What Is an EdS Degree?
Active teachers who hold a master’s degree can enhance their skill sets and broaden their applicable knowledge by earning a doctoral education specialist degree. The Education Specialist in K-12 Leadership at Grand Canyon University is unique in that it focuses on the improvement of instructional skills, allowing teachers to advance their career qualifications without having to complete a dissertation or residency. Graduates are prepared to advance into leadership roles within the dynamic and diverse 21st century education field.
Offered by the College of Doctoral Studies, the EdS degree builds knowledge in ethics, research and theory with a focus on educational policy development, staffing, organizational leadership and instructional supervision. The accelerated coursework guides learners in acquiring core competencies that are immediately applicable in the field. Using an analysis-driven approach, learners examine best practices in leadership that support teaming at all levels and the maintenance of a diverse learning infrastructure.
Earn Your Online EdS Degree at GCU
Graduates will emerge fully prepared to address the challenges of the modern school, with a strong foundation of educational policy development, ethical decision-making and servant leadership. The coursework guides learners in developing a firm grasp on organizational leadership, staffing and supervision at the building and district levels. GCU strives to graduate learners who are confident communicators, able to convey complex information to a variety of stakeholders. GCU is a Christian school with an emphasis on professional ethics and the Christian worldview.
Earn your EdS online at GCU with accelerated coursework. The entire degree can be completed online via our intuitive learning platform, enabling learners to connect with their instructors and benefit from diverse views of their peers. A total of 30 credits are required for completion. Online classes are eight weeks in length.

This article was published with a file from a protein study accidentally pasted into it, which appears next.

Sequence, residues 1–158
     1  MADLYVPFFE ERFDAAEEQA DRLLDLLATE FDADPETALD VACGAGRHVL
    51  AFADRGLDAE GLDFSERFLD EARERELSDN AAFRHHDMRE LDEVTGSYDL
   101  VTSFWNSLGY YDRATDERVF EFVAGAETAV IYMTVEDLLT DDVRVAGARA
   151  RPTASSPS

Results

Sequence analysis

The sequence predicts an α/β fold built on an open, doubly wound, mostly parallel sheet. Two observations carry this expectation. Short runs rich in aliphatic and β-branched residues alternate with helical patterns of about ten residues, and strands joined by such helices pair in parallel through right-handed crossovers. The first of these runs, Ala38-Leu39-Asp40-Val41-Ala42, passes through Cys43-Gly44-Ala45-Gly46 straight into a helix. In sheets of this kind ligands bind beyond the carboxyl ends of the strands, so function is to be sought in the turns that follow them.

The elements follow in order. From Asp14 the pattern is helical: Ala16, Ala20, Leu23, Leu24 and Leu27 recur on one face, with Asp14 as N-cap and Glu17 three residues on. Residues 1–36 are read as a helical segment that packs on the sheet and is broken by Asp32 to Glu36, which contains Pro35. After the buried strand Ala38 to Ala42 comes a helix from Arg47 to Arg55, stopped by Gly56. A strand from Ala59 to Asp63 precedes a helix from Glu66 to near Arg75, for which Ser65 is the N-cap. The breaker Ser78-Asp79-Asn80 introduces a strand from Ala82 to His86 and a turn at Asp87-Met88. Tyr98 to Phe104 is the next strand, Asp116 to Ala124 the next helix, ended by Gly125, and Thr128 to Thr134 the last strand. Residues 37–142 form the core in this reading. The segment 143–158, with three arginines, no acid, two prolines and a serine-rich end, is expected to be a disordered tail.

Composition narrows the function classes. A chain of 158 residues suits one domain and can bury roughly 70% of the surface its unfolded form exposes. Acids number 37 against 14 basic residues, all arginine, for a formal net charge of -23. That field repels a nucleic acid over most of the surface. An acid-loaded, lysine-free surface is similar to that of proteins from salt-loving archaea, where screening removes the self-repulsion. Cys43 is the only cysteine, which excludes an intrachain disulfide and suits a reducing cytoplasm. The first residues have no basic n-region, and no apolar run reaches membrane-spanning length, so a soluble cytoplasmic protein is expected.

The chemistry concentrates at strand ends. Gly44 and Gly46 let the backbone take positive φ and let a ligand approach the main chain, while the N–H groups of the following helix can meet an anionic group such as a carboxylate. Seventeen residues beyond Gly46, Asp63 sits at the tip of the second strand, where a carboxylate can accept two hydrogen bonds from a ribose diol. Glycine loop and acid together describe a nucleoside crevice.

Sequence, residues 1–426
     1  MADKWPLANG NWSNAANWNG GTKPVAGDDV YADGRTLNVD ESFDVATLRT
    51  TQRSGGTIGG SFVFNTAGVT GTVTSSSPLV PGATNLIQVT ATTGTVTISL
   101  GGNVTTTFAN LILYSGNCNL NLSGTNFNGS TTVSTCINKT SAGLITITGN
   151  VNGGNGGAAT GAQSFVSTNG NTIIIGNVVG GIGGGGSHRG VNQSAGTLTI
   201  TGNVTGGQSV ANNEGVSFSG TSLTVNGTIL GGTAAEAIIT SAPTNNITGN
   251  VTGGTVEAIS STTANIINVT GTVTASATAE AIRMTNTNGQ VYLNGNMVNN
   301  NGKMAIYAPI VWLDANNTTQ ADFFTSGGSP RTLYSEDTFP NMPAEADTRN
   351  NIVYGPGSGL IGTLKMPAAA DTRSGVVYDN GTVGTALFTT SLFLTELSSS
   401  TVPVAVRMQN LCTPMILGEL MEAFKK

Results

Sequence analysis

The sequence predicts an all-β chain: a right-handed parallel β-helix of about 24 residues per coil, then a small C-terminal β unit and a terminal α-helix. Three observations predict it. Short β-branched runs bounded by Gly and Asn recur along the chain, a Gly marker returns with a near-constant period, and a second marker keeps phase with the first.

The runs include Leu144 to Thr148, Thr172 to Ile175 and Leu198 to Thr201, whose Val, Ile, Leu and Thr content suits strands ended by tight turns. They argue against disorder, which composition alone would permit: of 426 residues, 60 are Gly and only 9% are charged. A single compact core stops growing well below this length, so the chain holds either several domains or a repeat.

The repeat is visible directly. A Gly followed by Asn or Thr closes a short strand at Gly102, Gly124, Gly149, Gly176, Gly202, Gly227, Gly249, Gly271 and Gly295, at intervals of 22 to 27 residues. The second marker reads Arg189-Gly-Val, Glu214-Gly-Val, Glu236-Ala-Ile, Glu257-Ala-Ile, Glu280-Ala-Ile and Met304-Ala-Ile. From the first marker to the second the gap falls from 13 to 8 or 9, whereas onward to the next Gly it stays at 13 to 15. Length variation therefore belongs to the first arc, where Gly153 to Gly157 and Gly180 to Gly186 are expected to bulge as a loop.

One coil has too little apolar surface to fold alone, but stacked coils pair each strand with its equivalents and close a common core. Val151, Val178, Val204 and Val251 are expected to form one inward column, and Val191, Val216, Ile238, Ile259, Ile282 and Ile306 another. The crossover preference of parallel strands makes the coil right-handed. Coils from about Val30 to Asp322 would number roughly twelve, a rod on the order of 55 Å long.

Study Curriculum That Is Aligned with ELCC
The coursework for the EdS degree is aligned with the standards of the Educational Leadership Constituent Council (ELCC). Aspiring education leaders explore key concepts in leadership thought, ethical stewardship and K-12 community building. In courses such as Training and Collaboration for Learning, Strategic Planning in K-12 Education and Progressions in Leadership Thought, learners will study the following topic areas:
- Seminal leadership theories and models, with a look at the evolution of leadership theories and the range of leadership research
- Long-range strategic planning in K-12 education based on the establishment of a shared mission, vision and goals among internal and external stakeholders, including a survey of professional and facilities development
- Horizontal and vertical collaboration to ensure consistency in instructional practice
- Current and emerging leadership strategies and classroom practices in K-12 education
Become an Educational Specialist in K-12 Education
Teachers with an EdS degree are prepared to lead and inspire others within the educational community thoughtfully. This degree program empowers educators to become more effective K-12 instructors for the betterment of their students. Some graduates may wish to pursue opportunities in school administration or consulting. According to the U.S. Bureau of Labor Statistics, the projected job growth rate for instructional coordinators from 2016 through 2026 is 11 percent, which is faster than average. Curriculum director, school counselor and educational agency administrator or consultant are some other potential career options that may be related to this degree.
Program Core Courses